The Macmillans would have one of the longer tenancies at #75, staying beyond 1940. Their elder daughter Marie married newspaper publisher Milton Booth in Colorado in November 1929; on May 27, 1931, Alice Ann Macmillan married into Old Guard Los Angeles when she became Mrs. George Augustine Dockweiler. Their ceremony and reception, coinciding with her parents' anniversary, were held at home. The Macmillans had two sons; the elder, Gordon, married Laura Canfield, daughter of oil millionaire Charles O. Canfield, in March 1930. As Macmillan family life evolved, Mrs. Macmillian—Helene—died at home on May 24, 1934, after which the household at #75 appears to have become quiet as Herbert devoted his time to business. After his divorce, Gordon moved into #75 with his father. An incident at home on February 4, 1942, precipitated the end: While visiting her grandfather, two-year-old Brenda Dockweiler discovered some tasty-looking pills that resulted in her having to have her stomach pumped at the Hollywood Receiving Hospital. Within months, 75 Fremont Place was on the market. Classified ads during the summer offered it as a "real bargain"—which indeed it does seem to be—at $14,500, though the actual seller is unclear. Herbert Macmillan died in his apartment at the Chateau Elysee (now Scientology's "Celebrity Centre") on January 13, 1945.

By the spring of 1948, 75 Fremont Place had been acquired by Frederick Maurice Laserson and his wife, Freda. It was at this time that a major change was made to the house's façade by the enclosure of two-thirds of the porch to provide more living space. Laserson was a real estate investor who owned properties in Beverly Hills and elsewhere; with Rabbi Edgar Magnin officiating, the Lasersons' daughter Vera was married to Dr. Jack L. Kahn at #75 on December 4, 1949. The family's stay in the house would be brief; it would be on the market from at least September 1952, starting at $45,000, until early 1955 when it was bought by attorney Lloyd S. Nix. Nix was a former city prosecutor who would that March be appointed to a Superior Court judgeship by Governor Goodwin Knight, himself a one-time Fremont Placer around the corner at #120. Nix and his wife Helen, who had four grown children, would remain in the house until soon after his retirement from the bench in the fall of 1967; perhaps having tired of Los Angeles, not then in its best form, they moved to Rancho Santa Fe.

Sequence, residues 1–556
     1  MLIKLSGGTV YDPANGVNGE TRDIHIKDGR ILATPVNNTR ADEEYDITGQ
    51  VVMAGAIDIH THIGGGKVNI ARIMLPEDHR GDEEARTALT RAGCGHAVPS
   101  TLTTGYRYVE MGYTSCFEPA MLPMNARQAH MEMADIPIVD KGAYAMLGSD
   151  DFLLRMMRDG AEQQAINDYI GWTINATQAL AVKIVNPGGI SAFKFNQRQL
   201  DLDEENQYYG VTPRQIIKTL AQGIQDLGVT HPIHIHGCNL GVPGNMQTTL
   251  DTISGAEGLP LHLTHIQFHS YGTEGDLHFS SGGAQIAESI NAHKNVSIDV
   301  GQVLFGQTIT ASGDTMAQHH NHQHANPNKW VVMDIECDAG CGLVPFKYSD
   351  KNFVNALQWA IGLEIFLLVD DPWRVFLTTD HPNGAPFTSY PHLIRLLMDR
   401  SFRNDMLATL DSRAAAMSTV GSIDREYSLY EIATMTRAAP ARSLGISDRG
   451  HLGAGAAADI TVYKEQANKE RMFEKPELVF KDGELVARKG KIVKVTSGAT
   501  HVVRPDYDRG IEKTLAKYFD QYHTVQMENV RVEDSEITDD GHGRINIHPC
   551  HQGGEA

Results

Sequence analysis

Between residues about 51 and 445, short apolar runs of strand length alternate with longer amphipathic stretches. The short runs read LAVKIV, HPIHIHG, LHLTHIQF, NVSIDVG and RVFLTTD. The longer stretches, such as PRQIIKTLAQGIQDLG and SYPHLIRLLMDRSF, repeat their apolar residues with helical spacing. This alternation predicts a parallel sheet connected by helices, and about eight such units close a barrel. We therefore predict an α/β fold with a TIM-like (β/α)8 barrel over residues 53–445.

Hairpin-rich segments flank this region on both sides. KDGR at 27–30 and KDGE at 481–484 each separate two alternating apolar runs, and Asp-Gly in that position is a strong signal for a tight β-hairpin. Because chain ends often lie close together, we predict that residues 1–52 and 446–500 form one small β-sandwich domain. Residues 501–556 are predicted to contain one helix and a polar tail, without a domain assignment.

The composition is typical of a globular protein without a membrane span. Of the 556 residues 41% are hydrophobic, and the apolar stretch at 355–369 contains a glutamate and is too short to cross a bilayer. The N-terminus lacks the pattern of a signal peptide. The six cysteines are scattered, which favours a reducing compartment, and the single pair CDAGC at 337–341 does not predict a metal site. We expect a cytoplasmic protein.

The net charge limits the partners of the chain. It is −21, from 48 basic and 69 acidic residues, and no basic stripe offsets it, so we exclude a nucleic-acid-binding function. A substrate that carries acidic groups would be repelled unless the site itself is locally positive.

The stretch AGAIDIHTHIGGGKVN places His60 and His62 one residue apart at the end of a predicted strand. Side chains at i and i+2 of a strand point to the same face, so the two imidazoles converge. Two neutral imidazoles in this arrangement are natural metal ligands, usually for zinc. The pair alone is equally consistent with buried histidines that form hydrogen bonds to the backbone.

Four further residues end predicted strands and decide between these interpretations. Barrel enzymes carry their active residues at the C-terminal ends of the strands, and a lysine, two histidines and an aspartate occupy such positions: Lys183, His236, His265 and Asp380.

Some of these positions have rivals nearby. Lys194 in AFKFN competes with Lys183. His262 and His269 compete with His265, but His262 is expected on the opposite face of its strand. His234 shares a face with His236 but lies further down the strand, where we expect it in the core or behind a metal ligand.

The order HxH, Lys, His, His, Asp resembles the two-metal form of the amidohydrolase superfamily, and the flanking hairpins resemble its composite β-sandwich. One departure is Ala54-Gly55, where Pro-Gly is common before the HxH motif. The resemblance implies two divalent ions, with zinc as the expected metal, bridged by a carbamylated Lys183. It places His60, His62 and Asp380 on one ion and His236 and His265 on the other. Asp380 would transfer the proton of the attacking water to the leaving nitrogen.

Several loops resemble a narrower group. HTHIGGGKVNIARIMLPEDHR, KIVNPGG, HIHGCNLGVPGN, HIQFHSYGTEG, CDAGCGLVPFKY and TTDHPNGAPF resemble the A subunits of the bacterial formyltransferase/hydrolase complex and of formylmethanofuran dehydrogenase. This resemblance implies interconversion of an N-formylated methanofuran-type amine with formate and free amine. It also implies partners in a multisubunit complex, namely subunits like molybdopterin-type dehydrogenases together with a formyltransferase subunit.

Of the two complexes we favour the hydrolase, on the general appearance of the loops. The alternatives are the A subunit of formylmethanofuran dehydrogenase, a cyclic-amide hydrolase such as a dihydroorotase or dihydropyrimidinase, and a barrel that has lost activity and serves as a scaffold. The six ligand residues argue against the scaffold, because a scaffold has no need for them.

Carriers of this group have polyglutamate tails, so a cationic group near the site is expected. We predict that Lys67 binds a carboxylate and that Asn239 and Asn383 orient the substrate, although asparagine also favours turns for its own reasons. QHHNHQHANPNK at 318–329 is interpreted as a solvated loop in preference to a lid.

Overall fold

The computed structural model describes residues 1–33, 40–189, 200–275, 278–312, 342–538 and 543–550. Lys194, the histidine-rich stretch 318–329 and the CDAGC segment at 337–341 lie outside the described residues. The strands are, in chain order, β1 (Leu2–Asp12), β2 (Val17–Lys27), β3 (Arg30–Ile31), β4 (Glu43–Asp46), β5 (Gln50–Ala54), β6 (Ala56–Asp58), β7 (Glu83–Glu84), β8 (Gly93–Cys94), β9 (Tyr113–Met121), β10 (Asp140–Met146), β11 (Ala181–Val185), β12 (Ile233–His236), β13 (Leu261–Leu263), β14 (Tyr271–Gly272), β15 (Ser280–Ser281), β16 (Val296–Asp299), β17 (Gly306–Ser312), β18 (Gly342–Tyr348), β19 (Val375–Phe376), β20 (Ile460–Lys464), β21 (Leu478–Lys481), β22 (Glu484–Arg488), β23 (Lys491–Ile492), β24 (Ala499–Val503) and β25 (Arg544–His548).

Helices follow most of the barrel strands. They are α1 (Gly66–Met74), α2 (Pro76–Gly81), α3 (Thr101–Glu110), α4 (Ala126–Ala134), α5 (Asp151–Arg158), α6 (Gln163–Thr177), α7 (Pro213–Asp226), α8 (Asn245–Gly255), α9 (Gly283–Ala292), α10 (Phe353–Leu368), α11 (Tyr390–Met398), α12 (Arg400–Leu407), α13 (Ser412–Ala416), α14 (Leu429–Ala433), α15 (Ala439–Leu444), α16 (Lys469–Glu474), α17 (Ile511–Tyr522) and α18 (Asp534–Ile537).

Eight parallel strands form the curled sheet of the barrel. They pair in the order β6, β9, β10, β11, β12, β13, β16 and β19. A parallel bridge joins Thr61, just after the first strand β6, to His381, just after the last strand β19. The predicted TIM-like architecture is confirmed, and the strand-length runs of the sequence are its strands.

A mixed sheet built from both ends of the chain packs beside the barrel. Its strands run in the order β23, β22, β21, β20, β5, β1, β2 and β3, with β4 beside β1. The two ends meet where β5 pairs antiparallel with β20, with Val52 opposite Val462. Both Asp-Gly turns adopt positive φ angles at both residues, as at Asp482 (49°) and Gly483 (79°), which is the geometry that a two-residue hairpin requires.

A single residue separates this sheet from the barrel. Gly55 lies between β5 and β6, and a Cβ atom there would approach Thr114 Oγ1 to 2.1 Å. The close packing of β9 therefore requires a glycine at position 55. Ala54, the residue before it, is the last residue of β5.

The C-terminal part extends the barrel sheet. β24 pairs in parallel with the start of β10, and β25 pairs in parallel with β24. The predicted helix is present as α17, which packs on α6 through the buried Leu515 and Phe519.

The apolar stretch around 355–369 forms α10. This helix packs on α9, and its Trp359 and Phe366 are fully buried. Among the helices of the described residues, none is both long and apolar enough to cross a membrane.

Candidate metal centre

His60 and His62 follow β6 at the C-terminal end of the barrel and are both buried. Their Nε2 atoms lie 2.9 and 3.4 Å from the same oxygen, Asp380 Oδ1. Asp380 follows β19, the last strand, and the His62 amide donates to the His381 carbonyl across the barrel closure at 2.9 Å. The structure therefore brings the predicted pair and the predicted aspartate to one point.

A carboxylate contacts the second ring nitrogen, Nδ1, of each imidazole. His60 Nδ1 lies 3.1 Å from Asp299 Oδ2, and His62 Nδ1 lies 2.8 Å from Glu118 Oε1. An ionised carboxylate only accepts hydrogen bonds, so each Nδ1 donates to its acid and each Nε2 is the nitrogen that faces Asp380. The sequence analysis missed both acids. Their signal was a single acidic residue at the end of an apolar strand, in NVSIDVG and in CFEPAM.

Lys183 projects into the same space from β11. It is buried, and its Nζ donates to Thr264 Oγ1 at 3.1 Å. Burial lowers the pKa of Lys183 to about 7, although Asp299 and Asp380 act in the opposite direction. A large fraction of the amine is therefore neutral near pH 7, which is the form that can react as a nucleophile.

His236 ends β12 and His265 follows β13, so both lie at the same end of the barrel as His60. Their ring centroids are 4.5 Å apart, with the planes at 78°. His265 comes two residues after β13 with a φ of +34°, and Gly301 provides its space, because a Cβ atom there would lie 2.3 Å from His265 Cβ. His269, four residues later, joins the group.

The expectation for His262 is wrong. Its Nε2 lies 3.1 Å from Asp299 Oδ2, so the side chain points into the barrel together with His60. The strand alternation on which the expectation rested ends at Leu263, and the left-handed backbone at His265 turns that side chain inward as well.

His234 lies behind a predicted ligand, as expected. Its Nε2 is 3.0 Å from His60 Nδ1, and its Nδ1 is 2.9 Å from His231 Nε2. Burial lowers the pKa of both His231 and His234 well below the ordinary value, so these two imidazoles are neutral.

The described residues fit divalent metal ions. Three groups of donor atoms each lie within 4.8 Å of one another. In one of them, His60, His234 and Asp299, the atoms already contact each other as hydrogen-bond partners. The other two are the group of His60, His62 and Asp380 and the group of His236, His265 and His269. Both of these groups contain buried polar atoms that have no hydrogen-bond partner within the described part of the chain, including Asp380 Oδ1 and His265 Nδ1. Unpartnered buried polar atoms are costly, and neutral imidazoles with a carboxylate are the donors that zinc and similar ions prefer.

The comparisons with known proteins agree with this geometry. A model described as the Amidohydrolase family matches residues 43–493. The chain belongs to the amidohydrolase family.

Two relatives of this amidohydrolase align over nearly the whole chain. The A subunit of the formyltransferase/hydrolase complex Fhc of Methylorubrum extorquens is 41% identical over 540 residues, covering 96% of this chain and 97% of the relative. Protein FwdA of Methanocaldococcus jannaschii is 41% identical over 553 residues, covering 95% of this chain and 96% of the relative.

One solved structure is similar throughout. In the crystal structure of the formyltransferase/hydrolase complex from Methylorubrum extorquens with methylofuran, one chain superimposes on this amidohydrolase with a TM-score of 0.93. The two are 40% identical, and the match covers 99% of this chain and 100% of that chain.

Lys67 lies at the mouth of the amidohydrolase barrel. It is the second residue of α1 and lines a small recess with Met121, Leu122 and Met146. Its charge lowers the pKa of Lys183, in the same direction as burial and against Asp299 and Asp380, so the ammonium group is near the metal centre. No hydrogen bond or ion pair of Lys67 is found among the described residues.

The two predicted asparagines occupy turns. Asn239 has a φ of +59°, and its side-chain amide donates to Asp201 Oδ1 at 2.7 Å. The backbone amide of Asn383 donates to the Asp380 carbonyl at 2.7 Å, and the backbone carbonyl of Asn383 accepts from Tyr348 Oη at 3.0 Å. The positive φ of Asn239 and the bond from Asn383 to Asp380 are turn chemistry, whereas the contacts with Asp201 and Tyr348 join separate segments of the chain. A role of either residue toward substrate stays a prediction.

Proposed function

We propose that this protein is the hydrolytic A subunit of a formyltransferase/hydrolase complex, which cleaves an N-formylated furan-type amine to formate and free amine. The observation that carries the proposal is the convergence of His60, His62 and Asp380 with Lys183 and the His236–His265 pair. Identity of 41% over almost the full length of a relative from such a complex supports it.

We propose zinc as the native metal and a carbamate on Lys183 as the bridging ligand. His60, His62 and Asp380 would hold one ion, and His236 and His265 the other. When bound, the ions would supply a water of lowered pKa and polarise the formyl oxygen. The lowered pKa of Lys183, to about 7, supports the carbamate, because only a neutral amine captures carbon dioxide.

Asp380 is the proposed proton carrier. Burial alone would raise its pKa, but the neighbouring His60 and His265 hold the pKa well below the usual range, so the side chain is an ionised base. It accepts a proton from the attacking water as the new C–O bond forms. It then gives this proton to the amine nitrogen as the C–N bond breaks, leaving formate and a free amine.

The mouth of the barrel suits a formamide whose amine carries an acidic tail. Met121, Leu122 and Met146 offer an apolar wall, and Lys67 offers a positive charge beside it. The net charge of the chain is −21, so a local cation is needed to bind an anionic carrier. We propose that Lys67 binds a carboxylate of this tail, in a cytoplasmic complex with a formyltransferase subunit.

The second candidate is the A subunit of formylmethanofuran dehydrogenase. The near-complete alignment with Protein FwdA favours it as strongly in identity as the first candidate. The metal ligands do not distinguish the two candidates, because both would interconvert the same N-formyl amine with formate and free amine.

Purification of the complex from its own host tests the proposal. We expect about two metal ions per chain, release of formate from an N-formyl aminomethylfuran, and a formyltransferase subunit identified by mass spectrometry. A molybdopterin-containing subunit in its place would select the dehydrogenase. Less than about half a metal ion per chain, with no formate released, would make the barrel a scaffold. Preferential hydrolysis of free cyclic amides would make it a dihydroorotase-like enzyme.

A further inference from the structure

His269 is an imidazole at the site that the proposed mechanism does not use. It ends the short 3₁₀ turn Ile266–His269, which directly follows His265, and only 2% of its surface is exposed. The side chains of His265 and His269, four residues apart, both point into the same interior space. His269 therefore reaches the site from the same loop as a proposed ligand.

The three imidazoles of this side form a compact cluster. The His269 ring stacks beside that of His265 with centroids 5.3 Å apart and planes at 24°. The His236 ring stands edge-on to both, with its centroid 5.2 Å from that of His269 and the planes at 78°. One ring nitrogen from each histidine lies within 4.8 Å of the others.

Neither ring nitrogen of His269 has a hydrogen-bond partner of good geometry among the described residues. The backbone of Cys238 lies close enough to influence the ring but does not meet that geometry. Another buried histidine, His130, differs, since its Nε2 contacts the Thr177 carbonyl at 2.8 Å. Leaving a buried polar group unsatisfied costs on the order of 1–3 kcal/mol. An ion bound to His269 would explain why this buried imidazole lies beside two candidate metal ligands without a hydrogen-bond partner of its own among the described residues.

Enter the longest tenants by far of 75 Fremont Place, the family of wrestling promoter Mike LaBelle. Mr. LaBelle died in 2009; in the summer of 2015, nearly a 100 years after it was built, its interior apparently stuck in the gruesome '70s, Emma Eygabroad Harvuot's house was sold to actress Bridget Fonda and composer Danny Elfman for $3.6 million in the spring of 2015. The couple already owned the Jones/Hole/Rindge house and its massive wing at #114, which conveniently backs up to their more recent acquisition. Both houses were placed on the market in the fall of 2020, with the sellers believing 75 to now be worth $5.8 million.

A stylized aerial view of the center of Fremont Place, with #75 the large grey roof at
bottom right, shows its proximity to #114 at upper left and what was built as
that house's private art gallery, the oblong building in this view. One of the
quieter couples in Hollywood, shunning the Westside, Fonda and

Elfman now own all three three structures, giving Fremont
Place a certain stability. Film folk have always been
part of the Fremont Place neighborhood.

Illustrations: VarietyLAPL; AncestryLos Angeles County; Google Images